There will be no peace now. After two controversial red cards and a dubious winning goal, the arguments between Manchester United and Chelsea fans will rage like untended fires for days. There will be wild talk of institutionalised corruption, there will be vague assertions that this sort of thing "evens itself out" and, after Fernando Torres' sad little face was captured for posterity and beamed across the world, there may even be a campaign against the campaign to end diving in football. But amid the drama of Manchester United's 3-2 win, one fact is indisputable: The two most successful English teams of the past 10 years have completely forgotten how to defend.
United at least have the excuse of injuries to three centre backs, but for them the real problems are slightly further up the pitch. Michael Carrick brings many things to his team: vision, composure and a range of passing that makes a full-sized playing surface look like a five-a-side pitch. On the downside, he offers the same protection against opposing midfielders as a paper napkin does against unexpected rain. His is a most curious form of defending. Instead of clattering around the pitch, kicking people up in the air and growling at their stricken bodies like a modern-day Roy Keane, he ambles around like the concerned parent of an adventurous toddler. He gently positions himself in the way of marauders, always looking rather surprised when they hurtle past him without so much as a by-your-leave. It’s not quite the cover that Rio Ferdinand and Jonny Evans require.
United were almost willfully negligent at the back at Stamford Bridge, as if Sir Alex Ferguson had just accepted that his team were going to concede and had made a pre-emptive resolution to hit back harder. This wasn't so much a 4-1-4-1 as a 4-0-1-4-1 with no defensive midfielder, only one conventional midfielder and the rest of the department unleashed on the Chelsea defence like a chapter of Hell's Angels on a quiet seaside town. It worked, of course, but you wonder if that would have been the case against 11 men instead of just nine. United have now shipped two or more goals in six of their 13 matches this season. It's exciting, but it's a dangerous way to exist.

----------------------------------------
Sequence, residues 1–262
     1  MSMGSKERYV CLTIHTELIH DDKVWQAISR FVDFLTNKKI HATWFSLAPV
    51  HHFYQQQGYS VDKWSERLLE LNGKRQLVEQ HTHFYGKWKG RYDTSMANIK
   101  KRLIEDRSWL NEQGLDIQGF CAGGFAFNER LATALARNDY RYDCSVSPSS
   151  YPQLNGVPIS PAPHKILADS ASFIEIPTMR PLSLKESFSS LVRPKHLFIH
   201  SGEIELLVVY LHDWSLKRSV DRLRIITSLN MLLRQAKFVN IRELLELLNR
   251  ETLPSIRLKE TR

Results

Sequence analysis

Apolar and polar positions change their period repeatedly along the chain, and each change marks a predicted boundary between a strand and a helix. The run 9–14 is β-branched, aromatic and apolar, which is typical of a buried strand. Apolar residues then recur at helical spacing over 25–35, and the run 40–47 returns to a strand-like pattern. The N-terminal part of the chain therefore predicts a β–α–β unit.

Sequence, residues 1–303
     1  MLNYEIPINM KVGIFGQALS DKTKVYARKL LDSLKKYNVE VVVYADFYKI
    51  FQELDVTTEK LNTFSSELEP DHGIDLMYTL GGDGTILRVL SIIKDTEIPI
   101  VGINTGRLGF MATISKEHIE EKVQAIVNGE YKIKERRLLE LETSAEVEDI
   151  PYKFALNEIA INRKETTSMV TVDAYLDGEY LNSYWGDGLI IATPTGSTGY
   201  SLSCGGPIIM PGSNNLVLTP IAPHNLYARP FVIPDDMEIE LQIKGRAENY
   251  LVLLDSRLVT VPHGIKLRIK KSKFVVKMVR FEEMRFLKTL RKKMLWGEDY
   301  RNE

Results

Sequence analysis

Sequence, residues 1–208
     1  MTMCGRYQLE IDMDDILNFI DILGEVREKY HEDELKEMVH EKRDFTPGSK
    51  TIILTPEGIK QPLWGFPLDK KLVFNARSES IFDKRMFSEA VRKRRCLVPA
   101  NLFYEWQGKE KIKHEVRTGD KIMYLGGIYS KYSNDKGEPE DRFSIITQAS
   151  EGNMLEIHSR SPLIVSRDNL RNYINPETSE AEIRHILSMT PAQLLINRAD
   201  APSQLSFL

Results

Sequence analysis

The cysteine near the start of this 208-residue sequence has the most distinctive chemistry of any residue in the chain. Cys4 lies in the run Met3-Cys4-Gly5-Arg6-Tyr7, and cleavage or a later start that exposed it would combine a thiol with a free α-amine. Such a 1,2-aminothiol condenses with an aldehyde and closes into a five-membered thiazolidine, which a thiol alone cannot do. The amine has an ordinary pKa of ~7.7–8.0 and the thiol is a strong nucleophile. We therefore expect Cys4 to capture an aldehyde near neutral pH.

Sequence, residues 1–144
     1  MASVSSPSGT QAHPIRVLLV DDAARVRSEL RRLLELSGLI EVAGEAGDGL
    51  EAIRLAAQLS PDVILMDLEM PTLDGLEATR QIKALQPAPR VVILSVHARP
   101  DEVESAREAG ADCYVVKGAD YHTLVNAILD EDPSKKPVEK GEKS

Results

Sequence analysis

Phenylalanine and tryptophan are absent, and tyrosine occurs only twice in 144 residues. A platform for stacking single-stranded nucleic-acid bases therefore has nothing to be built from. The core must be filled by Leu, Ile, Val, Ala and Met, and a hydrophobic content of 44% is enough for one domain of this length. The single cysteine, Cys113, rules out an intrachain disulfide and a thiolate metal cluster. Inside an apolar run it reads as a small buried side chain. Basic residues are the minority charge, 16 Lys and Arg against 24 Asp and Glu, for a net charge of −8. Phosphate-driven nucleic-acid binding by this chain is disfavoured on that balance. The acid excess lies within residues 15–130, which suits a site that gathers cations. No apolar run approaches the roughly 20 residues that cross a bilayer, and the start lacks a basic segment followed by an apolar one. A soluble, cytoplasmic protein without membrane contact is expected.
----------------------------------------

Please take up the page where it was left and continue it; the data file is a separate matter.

Danger is Roberto di Matteo's middle name. Only a man addicted to adrenaline would have gone out against Shakhtar Donetsk with three attacking midfielders and just John Obi Mikel and a rather pedestrian late-model Frank Lampard to protect the back four. The Ukrainians had 17 shots on target that night and the only reason that Chelsea escaped without a red-raw bottom was an inspired display by Petr Cech. With Ramires back in the centre, it seemed that Di Matteo had learned his lesson, but then something very strange happened. Mikel, a physically imposing midfielder who tends to trundle around blocking gaps like a large wardrobe on well-oiled casters, started to creep up the pitch. At one point, he seemed to be imposing himself on Chelsea's much-vaunted attacking trio. Behind him, United's counterattacks whistled into open space.
All of which is very entertaining for the neutral, but rather disconcerting on a wider level. It seems a little churlish to criticise Chelsea, in particular, for their cavalier spirit given the unkind words that were written of their backs-against-the-wall Champions League victory, and indeed the bulk of their years since Jose Mourinho rocked up in 2004. Nevertheless, there was something vague and unfinished about their play here. John Terry has been heavily criticised in recent months for his increasing awkwardness, among other things, but even his enemies couldn't deny that he is a multiplier on the men around him, cajoling them and organising them in a way that David Luiz, for example, could not. Chelsea miss him terribly.
Ferguson has always been committed to attacking play, feeling a responsibility to the traditions of the club, but he's never pursued it at the expense of his defence. United, while being quite capable of shooting their own toes off in the past, could usually be relied upon to at least hold a two-goal lead.
All of which leads us to a few conclusions rather more solid than the suggestion that a shadowy David Gill-led conspiracy exists at the heart of the national game: Firstly, that it might be worth backing German and Spanish clubs for the Champions League this season. Secondly, that defensive midfielders may be at the top of several shopping lists come January. And thirdly, that we might be in for the most open Premier League title race in years.